In this post, we describe a novel approach to measuring herding in financial markets, which we employed in a recently published paper. We develop a theoretical model of herd behavior that, in contrast to the existing theoretical literature, can be brought to the data, and we show how to estimate it using financial markets transaction data.
How should one understand the disconnect between the new highs reached by
global equity indices and the new depths plumbed by real interest rates
worldwide? Several competing explanations attempt to reconcile these trends, and
getting it right is essential for calibrating monetary and fiscal policy
"So the TPP should be judged not against the hypothetical past in which U.S.
workers did not face foreign competition but in the context of a world in which
trade integration in Asia is already happening — with or without the United
States. Its merit will depend on U.S. negotiating priorities."
So-called “frontier market economies" are the latest fad in investment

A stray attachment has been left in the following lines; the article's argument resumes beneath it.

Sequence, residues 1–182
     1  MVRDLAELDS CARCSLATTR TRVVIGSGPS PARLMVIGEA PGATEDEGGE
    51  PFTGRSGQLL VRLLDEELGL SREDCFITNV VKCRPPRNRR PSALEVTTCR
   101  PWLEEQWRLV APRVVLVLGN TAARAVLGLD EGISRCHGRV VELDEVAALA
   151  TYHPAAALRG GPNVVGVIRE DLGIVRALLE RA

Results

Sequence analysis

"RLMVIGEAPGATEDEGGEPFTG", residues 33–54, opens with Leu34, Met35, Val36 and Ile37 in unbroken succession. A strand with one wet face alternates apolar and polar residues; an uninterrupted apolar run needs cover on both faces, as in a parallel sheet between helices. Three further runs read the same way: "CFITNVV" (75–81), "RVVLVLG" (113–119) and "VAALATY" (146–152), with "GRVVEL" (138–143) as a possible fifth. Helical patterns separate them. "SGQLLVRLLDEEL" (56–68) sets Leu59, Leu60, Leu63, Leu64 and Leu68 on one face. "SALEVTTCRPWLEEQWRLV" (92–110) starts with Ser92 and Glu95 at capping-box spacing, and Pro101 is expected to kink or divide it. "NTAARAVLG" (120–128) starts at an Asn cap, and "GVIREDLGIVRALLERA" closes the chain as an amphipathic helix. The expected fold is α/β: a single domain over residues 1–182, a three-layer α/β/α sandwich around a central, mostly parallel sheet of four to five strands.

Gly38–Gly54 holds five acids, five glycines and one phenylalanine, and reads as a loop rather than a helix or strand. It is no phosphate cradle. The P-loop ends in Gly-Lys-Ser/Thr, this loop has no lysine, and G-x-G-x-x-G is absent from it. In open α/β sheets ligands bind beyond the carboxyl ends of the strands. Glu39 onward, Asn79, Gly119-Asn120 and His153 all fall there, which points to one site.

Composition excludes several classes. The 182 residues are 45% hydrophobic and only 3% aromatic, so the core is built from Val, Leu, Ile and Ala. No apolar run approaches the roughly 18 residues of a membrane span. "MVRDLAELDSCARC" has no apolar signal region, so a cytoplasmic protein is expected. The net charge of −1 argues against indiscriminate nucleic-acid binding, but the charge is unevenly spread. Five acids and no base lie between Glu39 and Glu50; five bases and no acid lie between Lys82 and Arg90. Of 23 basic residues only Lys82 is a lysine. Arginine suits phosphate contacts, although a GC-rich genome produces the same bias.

circles. Whether surging capital inflows in these countries – including
Bangladesh, Vietnam, Honduras, Bolivia, Kenya, and Ghana – should be cheered or
lamented is a question that has become a kind of Rorschach test for economic
analysts and policymakers.
With the bond market appearing ripe for a dramatic correction, many are
wondering whether a crash could drag down markets for other long-term assets,
such as housing and equities. But when an event has never occurred, it cannot be
predicted with any semblance of confidence.
I have never understood why New Keynesians can be so defensive about their modelling of price setting. Their response every time should be ‘well at least it’s better than assuming an intertemporal auctioneer’."
"David Levine's model/story is a very Monetarist model/story. (OK, a Keynesian model/story too, if by "Keynesian" we mean theoretically correct Keynesians who recognise the central importance of the medium of exchange.) But he misses seeing the point of his own model/story because he misses seeing that phones are money in his story."
Different characteristics of a politician could affect policy. Whereas existing
studies analyse gender and education, this column discusses the effect of a
politician’s age on governance and re-election. Younger mayors are more likely
to strategically increase expenditures and attract more transfers from the
higher levels of government right before the election. These fiscal cycles are
positively correlated with re-election and, hence, potentially explain why
younger mayors are more likely to be re-elected.